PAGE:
The initial phases comprised a series of physical altercations, with Athletic defender Iñigo Liceranzu notably assessing the recovery of Maradona's ankle following the intervention of his teammate nine months prior. Bernd Schuster, a midfielder for Barcelona, also underwent a bone structure examination, which allowed his ire to fester throughout the match.

After Bilboa's one-nil victory, Maradona was verbally assaulted by Miguel Sola, sparking anarchy. The Argentine downed Sola with a knee to the face after dragging him to the ground. His Barça colleagues were prompted to join him as Maradona began kicking everyone. Even supporters participated by tossing objects at the players, which prompted riot officers to enter the pitch to restore order. This effectively concluded Maradona's tenure with Barcelona, as he joined Napoli shortly thereafter.

Portugal vs. Holland (2006)

World Cup Chaos

The round-of-16 match between Portugal and the Netherlands is arguably one of the worst World Cup spectacles of the last three decades. Despite not being particularly violent, it remains one of the most undesirable matches in the competition's history. In contrast, this quarterfinal match was a dreary contest marked by excessive infractions, little actual football, and a referee eager to throw cards.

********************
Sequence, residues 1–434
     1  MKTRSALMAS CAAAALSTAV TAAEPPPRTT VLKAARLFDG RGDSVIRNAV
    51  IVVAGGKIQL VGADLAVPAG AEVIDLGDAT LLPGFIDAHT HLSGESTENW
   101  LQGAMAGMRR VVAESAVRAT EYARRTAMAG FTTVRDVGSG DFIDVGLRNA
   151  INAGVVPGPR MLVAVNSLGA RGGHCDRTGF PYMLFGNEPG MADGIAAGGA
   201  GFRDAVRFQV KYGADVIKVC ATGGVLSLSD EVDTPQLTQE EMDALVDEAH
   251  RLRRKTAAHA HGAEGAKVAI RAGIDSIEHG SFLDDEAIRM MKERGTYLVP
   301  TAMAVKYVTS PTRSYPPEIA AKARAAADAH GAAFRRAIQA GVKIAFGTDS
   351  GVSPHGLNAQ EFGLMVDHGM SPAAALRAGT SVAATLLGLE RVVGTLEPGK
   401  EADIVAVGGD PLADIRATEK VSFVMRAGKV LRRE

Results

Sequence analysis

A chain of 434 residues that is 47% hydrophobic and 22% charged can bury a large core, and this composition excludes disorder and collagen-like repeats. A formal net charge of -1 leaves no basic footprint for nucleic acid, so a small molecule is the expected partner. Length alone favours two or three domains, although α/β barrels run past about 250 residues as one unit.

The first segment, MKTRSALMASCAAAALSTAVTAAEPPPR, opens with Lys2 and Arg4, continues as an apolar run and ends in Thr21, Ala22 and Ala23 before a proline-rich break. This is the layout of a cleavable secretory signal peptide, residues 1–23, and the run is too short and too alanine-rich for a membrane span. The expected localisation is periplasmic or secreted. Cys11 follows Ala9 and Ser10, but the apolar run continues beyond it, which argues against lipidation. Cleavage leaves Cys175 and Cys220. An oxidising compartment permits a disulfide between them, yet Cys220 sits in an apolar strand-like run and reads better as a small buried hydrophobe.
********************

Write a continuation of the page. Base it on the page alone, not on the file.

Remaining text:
This occurred against the backdrop of FIFA's pre-tournament effort to eradicate unscrupulous and violent misconduct, which essentially instructed officials to yellow-card virtually anything. The evident deficiency in this approach should have been detected at the outset: if every action results in a booking, then the total number of bookings increases, excellent tackles are unintentionally penalised, and progress towards resolving the issue remains elusive.

In the harsh light of day, this approach was exposed in this match, as referee Valentin Ivanov dished out a record sixteen yellow cards and four red cards. Mark van Bommel, unsurprisingly, initiated the proceedings by receiving a yellow card for a sly charge in the opening two minutes.